New Study Proves Physically Fit Kids Perform Better Academically

NASPE (National Association for Sport And Physical Education) commends the California Department of Education (CDE) for its study (released on December 10, 2002) that shows a distinct relationship between academic achievement and physical fitness of California's public school students.

The research study matched scores from the spring 2001 administration of the Stanford Achievement Test given as part of California's Standardized Testing and Reporting Program, with results of the state-mandated physical fitness test, known as the Fitnessgram, given in 2001 to students in grades five, seven, and nine.  The Fitnessgram, developed by the Cooper Institute for Aerobics Research, assesses six major health-related areas of physical fitness including aerobic capacity (cardiovascular endurance), body composition (percentage of body fat), abdominal strength and endurance, trunk strength and flexibility, upper body strength and endurance, and overall flexibility.  A score of 6 indicates that a student is in the healthy fitness zone in all six performance areas, and meets standards to be considered physically fit.

In the study, reading and mathematics scores were matched with fitness scores of 353,000 fifth graders, 322,000 seventh graders, and 279,000 ninth graders.  The bar graphs for each grade level show a significant relationship between the two types of scores that were matched.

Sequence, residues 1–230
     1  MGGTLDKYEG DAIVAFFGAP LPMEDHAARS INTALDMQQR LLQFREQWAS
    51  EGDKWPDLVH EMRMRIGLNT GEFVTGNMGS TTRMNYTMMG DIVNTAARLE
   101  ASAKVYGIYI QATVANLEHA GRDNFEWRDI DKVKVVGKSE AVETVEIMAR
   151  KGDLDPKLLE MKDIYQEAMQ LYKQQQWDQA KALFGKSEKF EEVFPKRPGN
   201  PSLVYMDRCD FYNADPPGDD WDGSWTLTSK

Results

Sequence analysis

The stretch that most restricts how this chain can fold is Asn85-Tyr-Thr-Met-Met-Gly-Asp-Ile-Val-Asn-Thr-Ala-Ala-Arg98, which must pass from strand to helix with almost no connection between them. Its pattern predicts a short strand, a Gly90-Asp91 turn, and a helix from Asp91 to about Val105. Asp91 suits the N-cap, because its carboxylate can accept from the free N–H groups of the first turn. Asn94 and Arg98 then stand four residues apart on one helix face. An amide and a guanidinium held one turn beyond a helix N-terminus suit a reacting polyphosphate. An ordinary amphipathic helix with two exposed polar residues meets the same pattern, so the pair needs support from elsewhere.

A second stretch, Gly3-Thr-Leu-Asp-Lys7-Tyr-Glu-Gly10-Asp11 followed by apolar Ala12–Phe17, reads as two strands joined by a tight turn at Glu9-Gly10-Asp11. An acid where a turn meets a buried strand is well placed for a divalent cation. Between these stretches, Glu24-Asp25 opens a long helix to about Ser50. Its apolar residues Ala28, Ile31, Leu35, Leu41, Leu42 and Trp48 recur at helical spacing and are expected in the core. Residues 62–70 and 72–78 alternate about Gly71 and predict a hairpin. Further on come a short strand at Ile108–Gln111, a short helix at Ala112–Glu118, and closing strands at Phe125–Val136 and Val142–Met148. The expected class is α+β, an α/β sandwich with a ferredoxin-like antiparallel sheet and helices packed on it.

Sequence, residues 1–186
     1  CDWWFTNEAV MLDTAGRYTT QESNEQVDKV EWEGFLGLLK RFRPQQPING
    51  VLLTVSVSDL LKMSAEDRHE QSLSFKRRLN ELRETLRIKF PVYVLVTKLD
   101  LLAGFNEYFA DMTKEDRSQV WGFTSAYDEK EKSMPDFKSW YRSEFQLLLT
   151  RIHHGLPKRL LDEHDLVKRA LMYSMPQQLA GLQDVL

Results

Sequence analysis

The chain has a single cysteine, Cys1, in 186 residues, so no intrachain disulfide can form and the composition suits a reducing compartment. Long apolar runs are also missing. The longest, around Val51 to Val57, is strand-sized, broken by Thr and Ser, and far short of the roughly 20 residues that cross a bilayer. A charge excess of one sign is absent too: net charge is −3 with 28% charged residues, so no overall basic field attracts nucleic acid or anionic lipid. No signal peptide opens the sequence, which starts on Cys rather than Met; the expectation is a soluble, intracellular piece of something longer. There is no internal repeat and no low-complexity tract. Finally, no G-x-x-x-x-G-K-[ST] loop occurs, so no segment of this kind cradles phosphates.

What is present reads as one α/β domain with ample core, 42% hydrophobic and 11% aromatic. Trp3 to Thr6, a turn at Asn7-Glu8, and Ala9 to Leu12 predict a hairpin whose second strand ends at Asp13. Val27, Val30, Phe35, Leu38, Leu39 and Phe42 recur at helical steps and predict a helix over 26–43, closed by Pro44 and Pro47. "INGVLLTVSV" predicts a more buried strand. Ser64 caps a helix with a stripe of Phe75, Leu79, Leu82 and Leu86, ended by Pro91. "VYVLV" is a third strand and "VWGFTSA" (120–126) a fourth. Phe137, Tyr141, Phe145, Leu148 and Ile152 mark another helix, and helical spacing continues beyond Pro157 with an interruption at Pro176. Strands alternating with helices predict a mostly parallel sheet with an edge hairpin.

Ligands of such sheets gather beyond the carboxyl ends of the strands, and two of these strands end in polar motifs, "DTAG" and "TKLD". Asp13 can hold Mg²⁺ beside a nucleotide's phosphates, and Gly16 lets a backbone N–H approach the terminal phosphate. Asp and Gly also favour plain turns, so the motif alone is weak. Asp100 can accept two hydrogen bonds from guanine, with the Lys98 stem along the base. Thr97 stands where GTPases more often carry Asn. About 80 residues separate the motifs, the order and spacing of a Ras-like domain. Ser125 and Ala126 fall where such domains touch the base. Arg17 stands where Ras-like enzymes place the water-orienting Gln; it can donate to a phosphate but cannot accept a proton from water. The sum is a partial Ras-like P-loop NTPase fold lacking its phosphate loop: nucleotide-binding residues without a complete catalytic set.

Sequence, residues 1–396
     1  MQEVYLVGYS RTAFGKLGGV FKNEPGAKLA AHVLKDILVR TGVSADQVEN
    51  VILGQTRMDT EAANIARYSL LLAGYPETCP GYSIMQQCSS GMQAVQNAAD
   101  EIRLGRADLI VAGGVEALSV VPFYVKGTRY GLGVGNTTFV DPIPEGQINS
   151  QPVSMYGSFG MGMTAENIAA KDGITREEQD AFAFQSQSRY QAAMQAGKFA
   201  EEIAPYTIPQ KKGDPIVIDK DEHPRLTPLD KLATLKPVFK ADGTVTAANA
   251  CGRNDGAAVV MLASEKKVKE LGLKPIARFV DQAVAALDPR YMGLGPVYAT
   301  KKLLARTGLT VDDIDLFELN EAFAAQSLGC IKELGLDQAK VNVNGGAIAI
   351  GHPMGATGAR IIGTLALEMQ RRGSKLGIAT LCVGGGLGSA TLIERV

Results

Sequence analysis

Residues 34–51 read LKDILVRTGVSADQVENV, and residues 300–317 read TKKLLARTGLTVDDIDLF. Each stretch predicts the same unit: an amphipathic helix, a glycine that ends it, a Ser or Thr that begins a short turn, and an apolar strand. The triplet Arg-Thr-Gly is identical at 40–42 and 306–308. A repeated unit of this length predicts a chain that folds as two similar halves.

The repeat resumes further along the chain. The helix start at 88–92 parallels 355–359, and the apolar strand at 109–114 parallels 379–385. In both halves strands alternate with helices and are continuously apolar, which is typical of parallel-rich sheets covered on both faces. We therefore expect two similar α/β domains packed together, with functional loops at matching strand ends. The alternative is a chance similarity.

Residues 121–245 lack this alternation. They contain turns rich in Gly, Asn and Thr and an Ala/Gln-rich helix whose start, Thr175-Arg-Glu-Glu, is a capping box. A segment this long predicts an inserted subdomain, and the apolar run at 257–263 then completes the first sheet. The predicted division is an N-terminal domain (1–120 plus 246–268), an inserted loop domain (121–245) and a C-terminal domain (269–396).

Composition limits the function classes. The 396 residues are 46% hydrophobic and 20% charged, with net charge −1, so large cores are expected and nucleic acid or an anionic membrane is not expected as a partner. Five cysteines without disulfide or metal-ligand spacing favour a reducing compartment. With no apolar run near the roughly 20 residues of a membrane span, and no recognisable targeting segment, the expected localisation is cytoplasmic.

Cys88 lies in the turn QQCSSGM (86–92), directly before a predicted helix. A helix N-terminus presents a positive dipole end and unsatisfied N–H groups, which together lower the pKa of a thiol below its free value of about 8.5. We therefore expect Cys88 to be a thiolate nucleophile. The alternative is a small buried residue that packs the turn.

Key findings of the study are:

bulletHigher achievement was associated with higher levels of fitness at each of the three grade levels measured.
bulletThe relationship between academic achievement and fitness was greater in mathematics than in reading, particularly at higher fitness levels.
bulletStudents who met minimum fitness levels in three or more physical fitness areas showed the greatest gains in academic achievement at all three grade levels.
bulletFemales demonstrated higher achievement than males, particularly at higher fitness levels.

This statewide study provides compelling evidence that the physical well-being of students has a direct impact on their ability to achieve academically.  We now have the proof we've been looking for: students achieve best when they are physically fit. 

Thousands of years ago, the Greeks ("Kalos kai aghatos") and the Latins  ("Mens sana in corpore sano") understood the importance of improving spirit, mind, and body.  The research presented here validates their philosophic approach with scientific data.